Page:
Power autonomy has been on the rise as well thanks to a convergence of multiple technological developments. These include more sensitive antennas, lower-power components used to design GNSS receivers and 4G LTE cellular radios. Cloud-based positioning is opening new avenues toward ultra-low power GNSS positioning for applications that only need to sporadically determine their location. And innovations such as multi-constellation GNSS and assisted GNSS shorten the time the GNSS receiver needs to spend in the power-hungry signal acquisition mode before switching to the lower-power tracking mode.
Tighter integration is another trend enabled by the emergence of powerful dual-core MCUs capable of hosting a computing controller and the Bluetooth low energy, Wi-Fi or cellular software stack. The move from complex architectures with a stand-alone application MCU and radio technology stacks on separate processor cores to a simpler architecture integrating everything on a dual-core MCU offers opportunities for reduced time to market, fewer components, fewer suppliers and shorter development times.
This is just the beginning for IoT tracking technologies
It’s still early days in the industrial adoption of IoT-based tracking solutions. The technology has clearly proven its merits. But driven by technological progress, competition and unpredictable factors such as the current supply chain crisis, companies are being pressed to produce technologies that are at once smaller and more cost-effective, while offering better performance as well as simpler and faster integration into cloud platforms and ecosystems.
Because of the diversity of the IoT tracking market, technologies will continue to be tailored to the specific needs of the use cases they serve, drawing on some of the hardware components, system architectures, cloud-based services and underlying positioning and communication technologies outlined here.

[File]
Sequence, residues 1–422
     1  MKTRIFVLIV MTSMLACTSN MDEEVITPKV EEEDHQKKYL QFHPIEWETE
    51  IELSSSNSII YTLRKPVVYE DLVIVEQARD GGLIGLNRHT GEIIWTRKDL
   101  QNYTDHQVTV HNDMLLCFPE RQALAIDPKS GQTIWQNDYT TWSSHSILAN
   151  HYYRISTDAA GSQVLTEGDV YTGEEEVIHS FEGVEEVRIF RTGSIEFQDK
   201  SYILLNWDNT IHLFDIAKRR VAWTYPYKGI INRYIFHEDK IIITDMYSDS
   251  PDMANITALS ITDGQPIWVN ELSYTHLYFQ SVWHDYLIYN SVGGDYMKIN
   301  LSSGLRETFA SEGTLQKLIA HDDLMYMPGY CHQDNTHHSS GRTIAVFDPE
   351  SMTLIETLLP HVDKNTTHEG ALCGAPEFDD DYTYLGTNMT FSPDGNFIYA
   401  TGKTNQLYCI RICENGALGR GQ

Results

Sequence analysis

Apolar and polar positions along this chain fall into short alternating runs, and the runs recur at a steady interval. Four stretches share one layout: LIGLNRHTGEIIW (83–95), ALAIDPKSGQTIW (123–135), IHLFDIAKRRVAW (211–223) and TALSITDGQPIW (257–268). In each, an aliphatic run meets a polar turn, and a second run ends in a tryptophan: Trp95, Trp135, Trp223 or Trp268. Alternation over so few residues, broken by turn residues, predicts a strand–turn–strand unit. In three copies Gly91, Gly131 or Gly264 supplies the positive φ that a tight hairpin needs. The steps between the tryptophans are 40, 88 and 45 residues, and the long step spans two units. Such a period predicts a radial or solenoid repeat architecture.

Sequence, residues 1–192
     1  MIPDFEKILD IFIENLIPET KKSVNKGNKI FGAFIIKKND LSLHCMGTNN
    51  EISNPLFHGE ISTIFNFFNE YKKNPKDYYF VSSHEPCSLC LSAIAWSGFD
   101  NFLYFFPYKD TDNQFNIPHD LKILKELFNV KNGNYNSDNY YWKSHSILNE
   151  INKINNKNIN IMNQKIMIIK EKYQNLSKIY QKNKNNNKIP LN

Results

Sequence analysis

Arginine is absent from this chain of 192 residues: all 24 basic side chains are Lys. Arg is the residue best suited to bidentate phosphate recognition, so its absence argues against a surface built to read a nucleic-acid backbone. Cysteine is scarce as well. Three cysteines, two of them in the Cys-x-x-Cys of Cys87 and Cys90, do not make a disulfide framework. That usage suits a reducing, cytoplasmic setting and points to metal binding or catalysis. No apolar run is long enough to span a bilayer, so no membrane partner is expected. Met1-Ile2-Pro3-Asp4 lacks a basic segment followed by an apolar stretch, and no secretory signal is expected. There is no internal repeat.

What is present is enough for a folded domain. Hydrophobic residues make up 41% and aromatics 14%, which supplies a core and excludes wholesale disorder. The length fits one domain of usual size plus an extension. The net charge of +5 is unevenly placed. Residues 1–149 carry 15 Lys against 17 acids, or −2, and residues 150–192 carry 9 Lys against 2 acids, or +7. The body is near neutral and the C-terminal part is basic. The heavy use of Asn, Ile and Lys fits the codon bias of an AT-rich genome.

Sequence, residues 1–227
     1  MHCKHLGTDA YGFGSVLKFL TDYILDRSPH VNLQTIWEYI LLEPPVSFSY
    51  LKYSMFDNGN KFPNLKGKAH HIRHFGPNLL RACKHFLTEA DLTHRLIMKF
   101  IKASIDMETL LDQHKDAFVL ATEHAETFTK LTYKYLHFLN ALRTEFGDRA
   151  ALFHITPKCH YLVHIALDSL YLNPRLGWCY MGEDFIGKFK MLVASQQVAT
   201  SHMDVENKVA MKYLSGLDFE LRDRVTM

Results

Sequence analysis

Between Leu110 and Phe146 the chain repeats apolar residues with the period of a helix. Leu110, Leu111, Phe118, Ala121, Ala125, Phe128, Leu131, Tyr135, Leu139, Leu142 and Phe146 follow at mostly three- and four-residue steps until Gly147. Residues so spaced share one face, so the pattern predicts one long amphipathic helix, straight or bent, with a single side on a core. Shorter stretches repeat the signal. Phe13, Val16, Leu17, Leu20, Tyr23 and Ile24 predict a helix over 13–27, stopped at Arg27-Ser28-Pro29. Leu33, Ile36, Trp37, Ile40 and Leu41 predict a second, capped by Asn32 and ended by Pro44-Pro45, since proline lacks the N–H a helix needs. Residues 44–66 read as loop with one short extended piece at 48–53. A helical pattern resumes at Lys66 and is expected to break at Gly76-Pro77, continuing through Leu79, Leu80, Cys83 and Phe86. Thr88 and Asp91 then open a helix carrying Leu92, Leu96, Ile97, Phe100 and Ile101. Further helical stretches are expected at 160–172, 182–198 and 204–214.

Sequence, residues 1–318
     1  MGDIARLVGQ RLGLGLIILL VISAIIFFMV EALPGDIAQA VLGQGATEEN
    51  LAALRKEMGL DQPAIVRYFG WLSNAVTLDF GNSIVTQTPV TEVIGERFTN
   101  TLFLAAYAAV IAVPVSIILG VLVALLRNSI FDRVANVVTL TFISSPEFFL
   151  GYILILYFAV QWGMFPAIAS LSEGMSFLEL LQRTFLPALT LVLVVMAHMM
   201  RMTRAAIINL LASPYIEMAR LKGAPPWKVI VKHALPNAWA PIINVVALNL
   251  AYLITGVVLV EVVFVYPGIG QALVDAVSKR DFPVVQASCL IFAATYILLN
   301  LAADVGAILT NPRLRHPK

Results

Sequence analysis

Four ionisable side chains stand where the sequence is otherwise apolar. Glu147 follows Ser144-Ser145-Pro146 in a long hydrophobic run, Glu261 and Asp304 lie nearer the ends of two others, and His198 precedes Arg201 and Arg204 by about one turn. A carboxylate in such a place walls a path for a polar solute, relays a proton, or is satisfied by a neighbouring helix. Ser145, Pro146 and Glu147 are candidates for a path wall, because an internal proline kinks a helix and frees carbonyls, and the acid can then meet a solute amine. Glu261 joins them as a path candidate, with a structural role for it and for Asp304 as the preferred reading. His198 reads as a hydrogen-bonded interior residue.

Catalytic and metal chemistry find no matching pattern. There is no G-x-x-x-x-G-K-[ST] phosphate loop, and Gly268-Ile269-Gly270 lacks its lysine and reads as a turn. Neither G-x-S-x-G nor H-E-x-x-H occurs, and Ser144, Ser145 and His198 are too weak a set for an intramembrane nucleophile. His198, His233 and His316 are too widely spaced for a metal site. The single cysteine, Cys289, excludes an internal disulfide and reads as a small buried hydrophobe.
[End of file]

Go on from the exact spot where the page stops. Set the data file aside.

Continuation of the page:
On the supply side, innovation is continuing apace. Each generation of GNSS receiver technology brings new features that improve performance, coverage, power savings and size. Each new release of wireless communication standards helps ensure that data can be carried further, faster or more efficiently. MCUs are reaching higher levels of performance. Meanwhile, the cloud is being pulled in to do more and more of the heavy lifting.
Finally, as with the recently released Bluetooth direction finding, new technologies are closer to hitting the market, including low earth orbit satellites for cellular communication and positioning and 5G localization.
As more businesses tap into the value that IoT tracking can offer, the technological bag of tricks to meet the needs of the asset tracking market will continue to grow.
Diego Grassi, head of segment managers industrial, EMEA, u-blox. Edited by David Miller, content manager, Control Engineering, CFE Media and Technology, email@example.com.
Keywords: IoT, asset tracking, wireless